Ami Klin is a U.S. clinician and social neuroscientist with roots in Brazil and Israel and training in England. He directed the Yale University Autism Program for many years prior to moving to Atlanta, where he now directs the Marcus Autism Center, which is at the intersection of the Emory University School of Medicine, Children’s Healthcare of Atlanta, and Emory’s Center for Translational Social Neuroscience.
As a clinician, he refers to himself as a ‘walking laboratory of social engagement’. As an investigator, his focus is on concepts and methods that help quantify human experience as it occurs in social interaction. In a longstanding collaboration with Dr. Warren Jones, this work has led to ways of mapping and quantifying people’s moment-by-moment internal adjustments to their social surroundings. In infants, this work has led to examination of the basis for enculturation and shared experiences. And in infants with autism, this work has led to ways of detecting risk for autism in the first six months of life. Deployment of their technologies and methods in universal screening for autism in infancy is underway.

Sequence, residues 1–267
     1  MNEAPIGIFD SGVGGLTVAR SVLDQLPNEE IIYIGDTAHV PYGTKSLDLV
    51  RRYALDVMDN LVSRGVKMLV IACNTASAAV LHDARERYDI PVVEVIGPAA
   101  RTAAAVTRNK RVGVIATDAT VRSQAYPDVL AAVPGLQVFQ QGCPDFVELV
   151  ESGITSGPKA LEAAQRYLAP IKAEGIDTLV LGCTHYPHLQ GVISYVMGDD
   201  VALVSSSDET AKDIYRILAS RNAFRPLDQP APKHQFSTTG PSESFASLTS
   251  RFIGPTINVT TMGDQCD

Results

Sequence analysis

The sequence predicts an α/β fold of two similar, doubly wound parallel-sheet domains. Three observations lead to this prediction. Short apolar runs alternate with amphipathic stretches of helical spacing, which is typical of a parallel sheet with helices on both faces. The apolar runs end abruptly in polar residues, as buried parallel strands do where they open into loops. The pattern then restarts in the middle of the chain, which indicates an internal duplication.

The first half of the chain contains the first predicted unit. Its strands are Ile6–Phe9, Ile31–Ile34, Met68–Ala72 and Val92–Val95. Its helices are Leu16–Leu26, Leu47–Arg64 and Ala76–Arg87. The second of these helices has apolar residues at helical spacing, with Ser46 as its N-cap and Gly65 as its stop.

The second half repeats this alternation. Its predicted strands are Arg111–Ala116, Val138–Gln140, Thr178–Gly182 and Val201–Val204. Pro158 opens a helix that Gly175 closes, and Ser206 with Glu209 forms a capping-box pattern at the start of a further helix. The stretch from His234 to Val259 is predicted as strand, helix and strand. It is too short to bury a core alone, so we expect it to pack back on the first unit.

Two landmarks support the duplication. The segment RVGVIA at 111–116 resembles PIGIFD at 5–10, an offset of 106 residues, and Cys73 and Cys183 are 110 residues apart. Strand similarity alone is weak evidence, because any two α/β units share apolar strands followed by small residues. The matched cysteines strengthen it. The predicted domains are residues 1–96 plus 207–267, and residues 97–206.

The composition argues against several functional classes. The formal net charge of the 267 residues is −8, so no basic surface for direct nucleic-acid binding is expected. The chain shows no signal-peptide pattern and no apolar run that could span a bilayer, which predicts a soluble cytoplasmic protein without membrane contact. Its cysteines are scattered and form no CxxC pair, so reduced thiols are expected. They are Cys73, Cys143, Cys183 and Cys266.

Capitalizing on brain neuroplasticity, this work is meant to radically lessen the intensity of the disabilities associated with autism through early intervention, thus optimizing these children’s lifetime outcomes. With a societal cost of more than $40 billion per year in the U.S. alone – mostly associated with older individuals who never benefited from early intervention – this approach promises a better life for millions of children and families, and a radical change in the overwhelming and often devastating economics of this condition.